14 Asian elephants, an endangered species, left the Xishuangbanna National Nature Reserve in Yunnan about 17 months ago for unknown reasons and made an 807-mile journey to the north of the country through fields, towns and cities, eating millions of dollars worth of crops and damaging buildings. It seems now they headed home. The herd including three calves had crossed the Yuanjiang River and was continuing to head south. By Sunday night the herd was about 200km (125 miles) from the reserve. More than 150,000 people have been evacuated from the path of a herd of migrating elephants to avoid conflicts. More than 25,000 police officers using vehicles and drones have monitored the herd until now and the surveillance will continue. More than $771,000 in insurance money was paid out due to property damage, according authorities. Officials have also evacuated roads for the elephants so they could pass safely and used food to steer the animals away from populated, urban areas.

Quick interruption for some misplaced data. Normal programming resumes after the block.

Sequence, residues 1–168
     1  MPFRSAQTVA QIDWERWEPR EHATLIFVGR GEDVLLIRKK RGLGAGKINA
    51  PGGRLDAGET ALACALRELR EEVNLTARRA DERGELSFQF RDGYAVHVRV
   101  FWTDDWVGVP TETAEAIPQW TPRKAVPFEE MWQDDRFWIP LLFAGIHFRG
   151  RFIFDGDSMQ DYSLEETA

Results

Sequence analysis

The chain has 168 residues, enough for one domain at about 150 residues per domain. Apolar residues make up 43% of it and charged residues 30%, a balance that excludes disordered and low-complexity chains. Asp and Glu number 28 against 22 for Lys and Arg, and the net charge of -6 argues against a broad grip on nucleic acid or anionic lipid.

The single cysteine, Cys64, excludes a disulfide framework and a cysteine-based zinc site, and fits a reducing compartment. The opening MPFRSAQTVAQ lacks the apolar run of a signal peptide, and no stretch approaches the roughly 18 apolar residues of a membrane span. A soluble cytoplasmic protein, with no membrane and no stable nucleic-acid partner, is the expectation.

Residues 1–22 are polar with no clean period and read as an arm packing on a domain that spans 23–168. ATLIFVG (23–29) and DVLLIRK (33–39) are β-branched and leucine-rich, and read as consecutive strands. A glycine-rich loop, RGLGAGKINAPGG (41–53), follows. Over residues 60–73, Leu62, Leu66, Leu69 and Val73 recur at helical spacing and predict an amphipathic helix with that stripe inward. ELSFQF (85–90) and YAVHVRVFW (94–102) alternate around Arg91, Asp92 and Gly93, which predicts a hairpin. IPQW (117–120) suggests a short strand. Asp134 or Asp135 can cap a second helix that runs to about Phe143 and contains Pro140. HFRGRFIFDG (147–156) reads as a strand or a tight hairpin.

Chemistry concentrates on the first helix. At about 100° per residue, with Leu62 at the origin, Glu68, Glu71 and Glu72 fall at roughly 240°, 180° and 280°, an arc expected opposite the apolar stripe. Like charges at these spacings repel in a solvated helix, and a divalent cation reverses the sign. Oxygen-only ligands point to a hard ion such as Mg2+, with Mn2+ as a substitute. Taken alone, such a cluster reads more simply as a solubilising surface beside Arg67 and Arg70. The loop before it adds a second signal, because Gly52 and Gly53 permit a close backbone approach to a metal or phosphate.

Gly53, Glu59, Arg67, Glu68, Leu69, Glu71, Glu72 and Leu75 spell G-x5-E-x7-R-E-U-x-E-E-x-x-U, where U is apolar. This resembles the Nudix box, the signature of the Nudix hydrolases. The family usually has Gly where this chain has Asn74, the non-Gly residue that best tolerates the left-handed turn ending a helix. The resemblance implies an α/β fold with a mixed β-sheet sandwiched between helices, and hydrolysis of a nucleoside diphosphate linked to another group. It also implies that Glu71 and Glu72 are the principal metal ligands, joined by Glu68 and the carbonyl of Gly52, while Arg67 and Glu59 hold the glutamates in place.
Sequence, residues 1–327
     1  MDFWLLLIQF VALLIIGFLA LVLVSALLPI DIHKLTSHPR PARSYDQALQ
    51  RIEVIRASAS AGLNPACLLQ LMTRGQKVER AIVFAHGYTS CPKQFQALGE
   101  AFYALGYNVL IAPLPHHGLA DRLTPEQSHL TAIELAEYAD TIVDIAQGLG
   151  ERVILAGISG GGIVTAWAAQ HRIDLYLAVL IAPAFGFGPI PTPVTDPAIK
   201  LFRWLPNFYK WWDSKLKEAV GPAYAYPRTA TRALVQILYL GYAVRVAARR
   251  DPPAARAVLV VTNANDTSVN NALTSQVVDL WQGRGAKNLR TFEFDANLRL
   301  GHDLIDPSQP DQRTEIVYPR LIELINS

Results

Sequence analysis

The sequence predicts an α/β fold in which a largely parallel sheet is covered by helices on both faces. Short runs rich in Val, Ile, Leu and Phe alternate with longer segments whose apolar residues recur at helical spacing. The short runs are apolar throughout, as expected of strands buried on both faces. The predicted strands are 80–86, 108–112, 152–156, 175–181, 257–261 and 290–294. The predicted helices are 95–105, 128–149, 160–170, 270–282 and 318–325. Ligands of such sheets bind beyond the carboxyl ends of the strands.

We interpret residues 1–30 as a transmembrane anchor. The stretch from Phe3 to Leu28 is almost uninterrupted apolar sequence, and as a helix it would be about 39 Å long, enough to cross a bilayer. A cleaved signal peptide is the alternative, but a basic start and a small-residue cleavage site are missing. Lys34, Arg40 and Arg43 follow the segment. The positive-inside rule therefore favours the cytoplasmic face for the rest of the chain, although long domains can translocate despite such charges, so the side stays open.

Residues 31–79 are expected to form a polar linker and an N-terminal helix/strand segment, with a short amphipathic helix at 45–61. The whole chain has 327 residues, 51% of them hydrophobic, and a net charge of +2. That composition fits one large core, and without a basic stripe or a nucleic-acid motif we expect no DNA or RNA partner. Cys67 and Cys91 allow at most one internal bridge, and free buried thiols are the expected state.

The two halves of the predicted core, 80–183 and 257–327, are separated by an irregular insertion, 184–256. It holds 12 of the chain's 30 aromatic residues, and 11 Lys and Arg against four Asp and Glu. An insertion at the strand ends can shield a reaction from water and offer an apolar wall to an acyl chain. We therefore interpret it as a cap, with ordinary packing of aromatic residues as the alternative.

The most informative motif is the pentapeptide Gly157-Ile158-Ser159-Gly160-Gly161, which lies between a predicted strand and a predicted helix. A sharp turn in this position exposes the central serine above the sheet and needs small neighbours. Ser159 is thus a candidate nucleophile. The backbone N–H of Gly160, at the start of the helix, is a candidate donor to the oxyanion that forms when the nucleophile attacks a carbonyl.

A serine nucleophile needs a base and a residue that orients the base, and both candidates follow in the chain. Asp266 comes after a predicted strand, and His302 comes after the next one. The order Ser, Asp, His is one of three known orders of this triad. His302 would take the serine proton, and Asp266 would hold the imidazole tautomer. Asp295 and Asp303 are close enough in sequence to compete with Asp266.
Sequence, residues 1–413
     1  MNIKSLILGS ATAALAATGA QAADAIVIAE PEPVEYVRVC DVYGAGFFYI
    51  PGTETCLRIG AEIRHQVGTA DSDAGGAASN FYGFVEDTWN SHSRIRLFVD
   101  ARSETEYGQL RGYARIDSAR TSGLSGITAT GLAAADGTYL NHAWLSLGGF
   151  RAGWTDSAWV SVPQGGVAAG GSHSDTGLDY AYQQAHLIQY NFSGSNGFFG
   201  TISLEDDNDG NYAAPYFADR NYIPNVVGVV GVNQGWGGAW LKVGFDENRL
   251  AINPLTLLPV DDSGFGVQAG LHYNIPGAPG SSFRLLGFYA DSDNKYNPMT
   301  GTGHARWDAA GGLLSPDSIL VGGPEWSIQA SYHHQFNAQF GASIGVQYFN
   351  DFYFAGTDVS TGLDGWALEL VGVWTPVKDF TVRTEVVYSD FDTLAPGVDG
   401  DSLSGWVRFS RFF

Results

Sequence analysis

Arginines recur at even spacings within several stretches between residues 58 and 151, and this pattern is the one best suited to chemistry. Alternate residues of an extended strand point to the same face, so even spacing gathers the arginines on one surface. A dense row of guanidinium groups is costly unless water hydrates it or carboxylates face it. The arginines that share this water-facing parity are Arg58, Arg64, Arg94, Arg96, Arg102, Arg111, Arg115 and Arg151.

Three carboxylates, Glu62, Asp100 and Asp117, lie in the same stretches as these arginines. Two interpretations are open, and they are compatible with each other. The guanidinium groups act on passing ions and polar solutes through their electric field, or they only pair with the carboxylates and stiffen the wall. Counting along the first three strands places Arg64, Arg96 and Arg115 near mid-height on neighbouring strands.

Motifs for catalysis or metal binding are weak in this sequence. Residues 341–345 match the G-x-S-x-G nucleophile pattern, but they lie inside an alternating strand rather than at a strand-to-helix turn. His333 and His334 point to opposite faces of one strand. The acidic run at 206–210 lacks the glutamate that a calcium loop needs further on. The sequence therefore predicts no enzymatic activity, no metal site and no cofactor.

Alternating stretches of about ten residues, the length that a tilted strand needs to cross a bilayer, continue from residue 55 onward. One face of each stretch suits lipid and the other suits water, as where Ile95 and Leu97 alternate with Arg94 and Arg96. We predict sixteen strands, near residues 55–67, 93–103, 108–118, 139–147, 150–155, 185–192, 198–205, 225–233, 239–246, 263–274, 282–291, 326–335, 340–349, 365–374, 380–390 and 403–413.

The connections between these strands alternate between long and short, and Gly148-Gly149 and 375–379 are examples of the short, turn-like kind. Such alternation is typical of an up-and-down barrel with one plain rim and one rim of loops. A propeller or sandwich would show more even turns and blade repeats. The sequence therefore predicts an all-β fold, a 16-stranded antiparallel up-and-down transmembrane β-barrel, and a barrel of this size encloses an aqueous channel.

The National Forestry and Grassland Administration told media the animals were in a “suitable habitat” after crossing the Yuanjiang river. No animals and humans appear to have been injured. China only has about 300 wild elephants left. Earth’s largest living land animals consume massive quantities of vegetation. They may spend up to 18 hours a day feeding and eat as much as 600 pounds of food. Elephants are important for humans for multiple motivations. Here is just one of them: researchers at the universities of Utah and Chicago have found that elephants have evolved a DNA mechanism that gets rid of cells that have cancer-causing mutations. Scientists are studying elephant DNA to create drugs to treat cancer or possibly prevent it.